For those who have been participating in this thread, the following article scheduled to appear in the print version of this Sunday's New York Times may be of interest to you:
"How Come Martin Brodeur Is Still So Good?"
February 21, 2013
The best hockey player in the New York area right now is also one of the greatest hockey players ever, and he’s a Methuselah, a 40-year-old in a sport where pro careers typically last five or six years. Martin Brodeur, now in his 20th season with the New Jersey Devils, has played so well for so long that even hockey people have tended to take him a little for granted. He’s hardly an unknown, but he would be more fussed over and wondered at if he didn’t play in Newark and if his position were not the lowly, unglamorous one of goalie.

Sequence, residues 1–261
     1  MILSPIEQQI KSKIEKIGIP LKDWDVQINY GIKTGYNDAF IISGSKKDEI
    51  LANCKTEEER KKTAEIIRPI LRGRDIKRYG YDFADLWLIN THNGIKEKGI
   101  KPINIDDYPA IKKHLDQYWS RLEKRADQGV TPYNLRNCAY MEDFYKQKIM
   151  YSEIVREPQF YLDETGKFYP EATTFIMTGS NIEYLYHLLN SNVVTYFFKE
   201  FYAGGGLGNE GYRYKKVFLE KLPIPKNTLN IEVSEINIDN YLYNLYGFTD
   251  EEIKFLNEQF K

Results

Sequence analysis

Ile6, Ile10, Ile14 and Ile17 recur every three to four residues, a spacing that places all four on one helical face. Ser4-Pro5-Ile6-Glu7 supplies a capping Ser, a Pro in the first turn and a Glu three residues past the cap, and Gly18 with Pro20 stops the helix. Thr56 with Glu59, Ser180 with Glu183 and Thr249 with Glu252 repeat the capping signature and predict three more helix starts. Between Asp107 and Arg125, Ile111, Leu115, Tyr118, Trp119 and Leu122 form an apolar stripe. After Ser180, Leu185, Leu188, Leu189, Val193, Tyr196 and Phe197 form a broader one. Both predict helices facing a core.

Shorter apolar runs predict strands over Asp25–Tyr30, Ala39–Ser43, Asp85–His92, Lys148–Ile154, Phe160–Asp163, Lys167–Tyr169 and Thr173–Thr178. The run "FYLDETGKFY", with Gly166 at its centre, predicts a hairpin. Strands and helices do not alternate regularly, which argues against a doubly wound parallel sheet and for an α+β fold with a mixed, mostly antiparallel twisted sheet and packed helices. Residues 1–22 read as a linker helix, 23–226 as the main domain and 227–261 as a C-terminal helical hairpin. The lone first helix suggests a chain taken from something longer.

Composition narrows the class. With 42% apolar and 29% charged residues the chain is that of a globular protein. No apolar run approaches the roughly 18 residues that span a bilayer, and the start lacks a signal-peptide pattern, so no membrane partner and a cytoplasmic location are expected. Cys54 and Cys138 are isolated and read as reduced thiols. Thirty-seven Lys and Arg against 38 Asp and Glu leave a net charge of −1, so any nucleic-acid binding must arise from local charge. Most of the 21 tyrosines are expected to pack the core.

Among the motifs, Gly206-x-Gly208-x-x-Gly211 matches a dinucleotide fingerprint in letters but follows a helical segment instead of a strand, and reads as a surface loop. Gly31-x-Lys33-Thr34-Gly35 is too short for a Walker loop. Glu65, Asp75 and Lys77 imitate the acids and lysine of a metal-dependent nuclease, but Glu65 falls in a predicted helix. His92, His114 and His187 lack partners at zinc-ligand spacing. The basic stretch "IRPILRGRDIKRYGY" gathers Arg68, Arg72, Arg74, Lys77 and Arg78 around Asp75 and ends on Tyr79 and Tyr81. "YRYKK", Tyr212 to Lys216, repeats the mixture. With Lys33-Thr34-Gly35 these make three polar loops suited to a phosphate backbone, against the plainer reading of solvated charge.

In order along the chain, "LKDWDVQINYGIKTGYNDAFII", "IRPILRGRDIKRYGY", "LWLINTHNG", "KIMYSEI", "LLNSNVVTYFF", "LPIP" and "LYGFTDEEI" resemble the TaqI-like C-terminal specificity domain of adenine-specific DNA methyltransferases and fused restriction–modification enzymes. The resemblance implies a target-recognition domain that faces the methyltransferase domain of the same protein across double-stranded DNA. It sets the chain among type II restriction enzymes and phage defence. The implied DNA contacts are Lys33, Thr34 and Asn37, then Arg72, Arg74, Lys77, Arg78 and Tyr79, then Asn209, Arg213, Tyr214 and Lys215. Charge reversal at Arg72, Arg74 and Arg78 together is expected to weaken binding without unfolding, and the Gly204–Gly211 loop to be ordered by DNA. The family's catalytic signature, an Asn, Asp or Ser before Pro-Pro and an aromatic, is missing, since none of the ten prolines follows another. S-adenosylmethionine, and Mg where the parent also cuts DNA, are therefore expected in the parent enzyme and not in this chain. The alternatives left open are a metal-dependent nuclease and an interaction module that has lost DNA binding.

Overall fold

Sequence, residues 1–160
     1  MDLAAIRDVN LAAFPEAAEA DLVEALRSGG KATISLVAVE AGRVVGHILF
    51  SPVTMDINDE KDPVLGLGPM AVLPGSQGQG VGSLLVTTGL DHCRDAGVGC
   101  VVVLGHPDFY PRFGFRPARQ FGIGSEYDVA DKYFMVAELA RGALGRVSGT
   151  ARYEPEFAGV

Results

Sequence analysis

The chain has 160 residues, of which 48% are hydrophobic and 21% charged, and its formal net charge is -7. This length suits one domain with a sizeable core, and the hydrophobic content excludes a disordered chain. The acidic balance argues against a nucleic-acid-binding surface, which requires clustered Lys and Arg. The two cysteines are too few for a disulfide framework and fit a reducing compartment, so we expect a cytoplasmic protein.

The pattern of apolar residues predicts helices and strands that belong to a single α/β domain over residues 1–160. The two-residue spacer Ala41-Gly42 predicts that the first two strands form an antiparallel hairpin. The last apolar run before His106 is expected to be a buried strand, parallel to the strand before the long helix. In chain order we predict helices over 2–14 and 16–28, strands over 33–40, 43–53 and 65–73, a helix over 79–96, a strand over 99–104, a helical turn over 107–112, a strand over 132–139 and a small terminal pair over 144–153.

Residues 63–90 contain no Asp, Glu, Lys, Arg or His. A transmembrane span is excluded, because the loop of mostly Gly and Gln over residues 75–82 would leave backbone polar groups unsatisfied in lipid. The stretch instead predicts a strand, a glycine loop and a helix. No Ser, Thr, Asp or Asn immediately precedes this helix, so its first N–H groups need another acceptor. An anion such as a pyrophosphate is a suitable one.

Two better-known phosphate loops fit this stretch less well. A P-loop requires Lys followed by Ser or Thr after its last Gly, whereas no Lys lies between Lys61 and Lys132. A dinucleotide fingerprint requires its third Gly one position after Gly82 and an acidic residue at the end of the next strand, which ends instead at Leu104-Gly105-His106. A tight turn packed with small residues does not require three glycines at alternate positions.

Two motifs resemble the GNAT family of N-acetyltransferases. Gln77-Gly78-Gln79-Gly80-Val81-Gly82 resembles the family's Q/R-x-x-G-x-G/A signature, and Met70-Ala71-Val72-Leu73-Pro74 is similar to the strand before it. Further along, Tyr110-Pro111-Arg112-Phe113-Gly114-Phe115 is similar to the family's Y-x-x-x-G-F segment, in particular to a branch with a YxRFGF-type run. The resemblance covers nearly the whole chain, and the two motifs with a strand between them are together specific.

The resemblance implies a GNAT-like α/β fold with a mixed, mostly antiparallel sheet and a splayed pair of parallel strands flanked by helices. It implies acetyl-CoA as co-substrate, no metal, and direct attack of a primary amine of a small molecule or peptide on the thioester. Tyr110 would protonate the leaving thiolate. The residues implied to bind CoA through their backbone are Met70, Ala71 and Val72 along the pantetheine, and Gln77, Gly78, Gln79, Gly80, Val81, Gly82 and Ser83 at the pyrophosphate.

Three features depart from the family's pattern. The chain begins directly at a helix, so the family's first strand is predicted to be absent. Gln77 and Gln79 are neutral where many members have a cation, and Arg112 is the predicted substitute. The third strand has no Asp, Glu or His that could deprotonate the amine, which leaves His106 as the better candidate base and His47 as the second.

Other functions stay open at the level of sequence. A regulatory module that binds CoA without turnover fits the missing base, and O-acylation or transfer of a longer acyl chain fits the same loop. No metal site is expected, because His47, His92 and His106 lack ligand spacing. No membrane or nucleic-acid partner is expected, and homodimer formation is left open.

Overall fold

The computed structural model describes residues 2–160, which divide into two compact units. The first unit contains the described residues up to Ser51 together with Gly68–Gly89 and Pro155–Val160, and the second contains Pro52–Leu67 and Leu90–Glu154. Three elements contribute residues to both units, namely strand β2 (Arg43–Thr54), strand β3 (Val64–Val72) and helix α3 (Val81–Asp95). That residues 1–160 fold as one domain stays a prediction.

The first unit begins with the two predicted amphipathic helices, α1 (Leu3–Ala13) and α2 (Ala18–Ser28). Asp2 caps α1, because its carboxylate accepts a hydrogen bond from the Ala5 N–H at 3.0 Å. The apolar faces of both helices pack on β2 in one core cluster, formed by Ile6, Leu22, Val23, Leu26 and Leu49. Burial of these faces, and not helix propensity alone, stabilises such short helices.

“Playing goal is not fun,” Ken Dryden, the Hall of Fame goalie for the Montreal Canadiens, wrote in a memoir. “It is a grim, humorless position, largely uncreative, requiring little physical movement, giving little physical pleasure in return.” While his teammates zip around, the goalie lumbers, weighed down by his cumbrous equipment, and he spends the whole game by himself, down at one end of the rink, within easy earshot of heckling fans, in front of a red light that flashes on whenever he fails and lets a goal slip by. He has flurries of activity, but a lot of the time he just watches and worries. There’s very little he can do to win a game, and mostly he hopes only not to lose it.
You can read the full-length article at the following link: